Plausible Worlds: Possibility and Understanding in History and the Social Sciences

New York: Cambridge University Press (1991)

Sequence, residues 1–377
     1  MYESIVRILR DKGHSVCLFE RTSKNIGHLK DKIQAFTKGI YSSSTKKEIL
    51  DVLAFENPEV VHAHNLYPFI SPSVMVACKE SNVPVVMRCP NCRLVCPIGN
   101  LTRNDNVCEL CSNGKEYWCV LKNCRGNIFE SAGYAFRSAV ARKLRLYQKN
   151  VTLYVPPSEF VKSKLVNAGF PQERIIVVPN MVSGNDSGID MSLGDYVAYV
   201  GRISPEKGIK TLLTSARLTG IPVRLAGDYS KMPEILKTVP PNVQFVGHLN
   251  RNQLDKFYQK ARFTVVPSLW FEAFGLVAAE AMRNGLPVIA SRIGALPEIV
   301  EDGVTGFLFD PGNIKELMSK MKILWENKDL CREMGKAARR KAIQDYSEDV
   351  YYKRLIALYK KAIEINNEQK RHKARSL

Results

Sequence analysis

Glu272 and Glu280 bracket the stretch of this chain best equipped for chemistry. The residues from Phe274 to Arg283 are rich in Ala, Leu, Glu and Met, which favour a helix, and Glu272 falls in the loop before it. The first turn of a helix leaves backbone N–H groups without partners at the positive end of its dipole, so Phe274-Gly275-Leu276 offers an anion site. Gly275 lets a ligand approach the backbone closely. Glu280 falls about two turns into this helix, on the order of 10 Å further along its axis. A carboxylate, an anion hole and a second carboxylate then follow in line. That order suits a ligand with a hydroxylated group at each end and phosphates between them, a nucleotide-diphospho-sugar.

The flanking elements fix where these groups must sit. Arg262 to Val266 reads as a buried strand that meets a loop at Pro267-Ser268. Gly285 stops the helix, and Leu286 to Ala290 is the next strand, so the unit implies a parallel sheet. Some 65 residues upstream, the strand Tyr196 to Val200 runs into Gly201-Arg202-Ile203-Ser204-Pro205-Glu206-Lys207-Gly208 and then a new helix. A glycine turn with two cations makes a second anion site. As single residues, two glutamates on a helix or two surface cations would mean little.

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Possibilities haunt history. The force of our explanations of events turns on the alternative possibilities these explanations suggest. It is these possible worlds which give us our understanding; and in human affairs we decide them by practical rather than theoretical judgement. In his widely acclaimed account of the role of counterfactuals in explanation, Geoffrey Hawthorn deploys extended examples from history and modern times to defend his argument. His conclusions cast doubt on existing assumptions about the nature and place of theory, and indeed of the possibility of knowledge itself, in the human sciences.



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